Lupinus havardii – aka Big Bend Bluebonnet can reach up to 4ft tall and has approx. 7 leaflets its bluish/purplish in color with a white tip

Lupinus subcarnosus – aka Buffalo clover or the sandyland bluebonnet grows in the sandy, rolling hills of coastal and southern Texas with sheets of royal-blue in the early spring *only grows in Texas*

Lupinus plattensis – is the only perennial species in the state and grows to about two feet tall. It normally blooms in mid to late spring and is also known as the dune bluebonnet, the plains bluebonnet and the Nebraska Lupine

Lupinus concinnus – is an inconspicuous variety of bluebonnet, growing from 2 to 7 inches, with flowers which combine elements of white, rosy purple and lavender. Commonly known as the annual lupine, it is found sparingly in the Trans-Pecos region, blooming in early spring.

March 2013 Gardening Tips for the Backyard Gardener

Yes, spring is knocking on our door and I can’t wait to be back in the garden tilling, fertilizing, planting and weeding.  A garden is becoming a necessity, especially with the price of food and fuel.  March is when most of the Gulf Coast area begins planting corn, beans squash, cucumbers and peas.  Eggplant, pepper, and tomato plants can be put out now also.  Though is quite unlikely, keep an eye open for an unexpected frost and cover to protect your new transplants.

As April kicks the growing season into high gear.  All kinds of melons can be planted now.  Pumpkins, zucchini, black eyes, limas can all be put in.  In late April, okra and sweet potatoes can be planted.  If you would like your okra seeds to germinate faster, pour hot water over the seeds and let them sit overnight in the water.  The next day, they will be ready to plant.

March is the time to plant some color.  Before the heat sets in, lobelia, petunias, coreopsis, cosmos, zinnias and many more plants can be put in beds, containers and hanging baskets.  A few weeks after you have put in your flowering plants, give them a little boost with a 3-1-2 or a 4-1-2 ratio fertilizer.  With the warmer temperatures of April, you can plant vinca, caladiums, pentas, impatiens, and celosia.  Be sure to mulch your beds about 4 or 5 inches deep.  This will make weeding a lot less time consuming and it will save you money on your water bill.  If you find that you have extra seed, place in an envelope, then put the envelope in a glass jar with lid and store in the freezer.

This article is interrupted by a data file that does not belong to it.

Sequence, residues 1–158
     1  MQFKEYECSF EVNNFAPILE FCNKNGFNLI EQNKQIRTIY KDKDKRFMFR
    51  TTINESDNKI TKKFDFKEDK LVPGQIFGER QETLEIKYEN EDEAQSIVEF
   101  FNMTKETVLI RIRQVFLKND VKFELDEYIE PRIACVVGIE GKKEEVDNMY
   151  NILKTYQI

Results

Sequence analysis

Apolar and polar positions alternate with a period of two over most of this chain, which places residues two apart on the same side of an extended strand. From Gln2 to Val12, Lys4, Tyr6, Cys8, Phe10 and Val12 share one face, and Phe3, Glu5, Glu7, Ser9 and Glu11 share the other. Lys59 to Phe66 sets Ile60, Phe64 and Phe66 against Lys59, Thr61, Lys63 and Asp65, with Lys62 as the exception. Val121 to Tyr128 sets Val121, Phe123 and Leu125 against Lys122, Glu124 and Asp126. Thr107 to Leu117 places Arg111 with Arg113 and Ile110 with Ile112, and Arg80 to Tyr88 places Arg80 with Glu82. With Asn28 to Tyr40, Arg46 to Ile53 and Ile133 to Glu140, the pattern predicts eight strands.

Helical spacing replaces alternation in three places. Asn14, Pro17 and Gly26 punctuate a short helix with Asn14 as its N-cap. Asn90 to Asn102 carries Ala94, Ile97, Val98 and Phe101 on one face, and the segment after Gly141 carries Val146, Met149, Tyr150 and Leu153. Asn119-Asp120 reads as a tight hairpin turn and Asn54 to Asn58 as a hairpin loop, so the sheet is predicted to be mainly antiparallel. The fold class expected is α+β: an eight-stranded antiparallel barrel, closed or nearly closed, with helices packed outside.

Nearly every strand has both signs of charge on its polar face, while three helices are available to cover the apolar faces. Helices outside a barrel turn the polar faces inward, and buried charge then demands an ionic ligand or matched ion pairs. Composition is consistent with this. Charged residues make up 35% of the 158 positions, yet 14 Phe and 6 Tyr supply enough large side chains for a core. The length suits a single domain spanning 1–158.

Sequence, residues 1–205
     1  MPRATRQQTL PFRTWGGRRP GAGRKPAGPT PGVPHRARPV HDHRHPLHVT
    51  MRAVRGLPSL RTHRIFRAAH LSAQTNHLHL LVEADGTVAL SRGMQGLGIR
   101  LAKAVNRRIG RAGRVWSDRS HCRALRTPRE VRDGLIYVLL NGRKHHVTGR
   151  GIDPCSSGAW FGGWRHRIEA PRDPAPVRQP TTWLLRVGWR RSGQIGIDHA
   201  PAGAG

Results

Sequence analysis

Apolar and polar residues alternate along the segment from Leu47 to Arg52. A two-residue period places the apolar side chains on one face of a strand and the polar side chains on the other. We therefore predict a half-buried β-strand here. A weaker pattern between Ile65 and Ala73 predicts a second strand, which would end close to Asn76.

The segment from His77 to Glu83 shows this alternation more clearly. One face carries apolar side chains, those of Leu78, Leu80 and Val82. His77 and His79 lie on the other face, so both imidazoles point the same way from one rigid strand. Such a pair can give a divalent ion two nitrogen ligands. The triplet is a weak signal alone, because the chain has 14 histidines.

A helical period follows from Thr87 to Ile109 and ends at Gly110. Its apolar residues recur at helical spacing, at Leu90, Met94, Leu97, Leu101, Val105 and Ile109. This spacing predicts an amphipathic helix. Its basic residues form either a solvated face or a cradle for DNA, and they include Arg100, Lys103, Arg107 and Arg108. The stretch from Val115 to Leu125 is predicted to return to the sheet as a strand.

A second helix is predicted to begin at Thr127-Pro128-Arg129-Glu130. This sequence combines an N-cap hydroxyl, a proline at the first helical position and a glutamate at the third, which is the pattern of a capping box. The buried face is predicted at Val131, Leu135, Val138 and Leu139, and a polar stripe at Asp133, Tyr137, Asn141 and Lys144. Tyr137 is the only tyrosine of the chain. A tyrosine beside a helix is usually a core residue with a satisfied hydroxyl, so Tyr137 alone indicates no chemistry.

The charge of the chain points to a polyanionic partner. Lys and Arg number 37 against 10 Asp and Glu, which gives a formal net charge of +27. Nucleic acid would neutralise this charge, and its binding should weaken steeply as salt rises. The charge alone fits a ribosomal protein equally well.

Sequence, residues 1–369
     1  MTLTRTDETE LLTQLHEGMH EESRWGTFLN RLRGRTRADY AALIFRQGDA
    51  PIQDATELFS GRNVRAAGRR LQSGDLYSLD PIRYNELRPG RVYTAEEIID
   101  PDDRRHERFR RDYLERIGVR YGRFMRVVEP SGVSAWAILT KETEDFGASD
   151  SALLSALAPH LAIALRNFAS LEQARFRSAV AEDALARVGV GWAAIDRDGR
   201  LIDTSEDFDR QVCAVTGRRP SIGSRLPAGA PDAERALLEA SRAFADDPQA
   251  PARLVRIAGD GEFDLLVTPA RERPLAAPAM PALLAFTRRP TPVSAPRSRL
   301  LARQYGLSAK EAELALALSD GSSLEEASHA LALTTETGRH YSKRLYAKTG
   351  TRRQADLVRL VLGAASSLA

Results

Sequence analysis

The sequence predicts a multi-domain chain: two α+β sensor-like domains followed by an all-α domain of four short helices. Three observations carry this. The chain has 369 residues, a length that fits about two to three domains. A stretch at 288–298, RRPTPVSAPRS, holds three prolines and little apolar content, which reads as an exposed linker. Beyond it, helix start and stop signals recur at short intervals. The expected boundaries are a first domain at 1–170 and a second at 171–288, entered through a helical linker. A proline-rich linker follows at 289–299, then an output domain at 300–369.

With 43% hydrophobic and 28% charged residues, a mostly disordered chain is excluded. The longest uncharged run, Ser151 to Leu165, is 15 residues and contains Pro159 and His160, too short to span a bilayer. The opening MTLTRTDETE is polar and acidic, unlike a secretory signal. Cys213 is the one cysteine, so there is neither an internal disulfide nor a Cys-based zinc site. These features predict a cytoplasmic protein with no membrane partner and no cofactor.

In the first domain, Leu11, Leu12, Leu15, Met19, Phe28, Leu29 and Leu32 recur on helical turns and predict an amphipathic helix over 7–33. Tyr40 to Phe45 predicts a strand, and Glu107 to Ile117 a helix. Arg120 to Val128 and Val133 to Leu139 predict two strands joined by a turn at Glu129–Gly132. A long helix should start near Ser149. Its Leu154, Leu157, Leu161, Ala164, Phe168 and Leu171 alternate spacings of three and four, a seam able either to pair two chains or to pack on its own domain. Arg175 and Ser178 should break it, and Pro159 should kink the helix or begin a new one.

March will bring on a beautiful array of color if you have azaleas, spirea, camellias, redbud, dogwood, mock orange or spring blooming roses.  Sometime in April though, the blooms will be fading and when they are finished with their performance, it will be time to trim any unsightly shoots or branches.  Try not to cut them back hard, just what is necessary, then you can fertilize them. Container grown roses can be planted and enjoyed now too.  

When March approaches, the fruit trees will begin to bloom and what a wonderful scent they have.  Mulching them out to the drip line will help keep more water for the trees and less for the weeds.  I hope your garden and beds are a great success this spring.  Until next time.  Happy Gardening!

Herb of the Month “Parsley”

Flat-leafed parsleyWhat I look like- parsley is a bright green, hairless herb with either flat or curly leaves (depending on the variety) and has tiny yellowish green flowers that eventually produce seed.

How I Grow-Parsley grows best in moist, well drained soil, with full sun.. Parsley can reach up to 12-18 inches in height and 9-12inches wide.

How parsley can benefit your garden- For those of you trying to achieve the ultimate butterfly garden, Parsley is a must have.  Some swallowtail butterflies use parsley as a host plant for their larvae; their caterpillars are black and green striped with yellow dots, and will feed on parsley for two weeks before turning into butterflies.  Bees and other nectar-feeding insects may also visit the flowers.  Birds such as the goldfinch feed on the seeds.

What I’m used for- Parsley has many medicinal and culinary uses.  Medicinally Parsley is used as a diuretic that purifies the blood and aids in digestion and metabolism.  Parsley can also over time if consumed on a regular basis lower blood pressure.

Parsley and its culinary uses has slowly become more of an underappreciated herb since it is most often used as a garnish.  Though it is a favorite in Italian cuisine, used in soups, breads, pastas, and on many meats, you can add parsley to most dish that you want a more savory flavor to.

Availabity: Very Easy to find

Savory Herb Spread

  • 1/4 cup chopped flat-leaf parsley
  • 1 Tbsp. small capers, rinsed and drained
  • 6 gherkins or 1 regular-size pickle, chopped
  • 1 clove garlic, chopped
  • 1 Tbsp. Dijon mustard
  • 1 Tbsp. whole grain Dijon mustard
  • 1 tsp. red wine vinegar
  • 1/2 cup I Can’t believe its Not Butter! Spread
  1. Combine all ingredients except I Can’t Believe It’s Not Butter! Spread in medium bowl.
  2. Combine mixture with Spread in medium bowl. Serve, if desired, with grilled bread or use as a dressing on any sandwich. Try a spoonful on top of grilled fish, roasted chicken or a bowl of pasta just before serving.   Enjoy!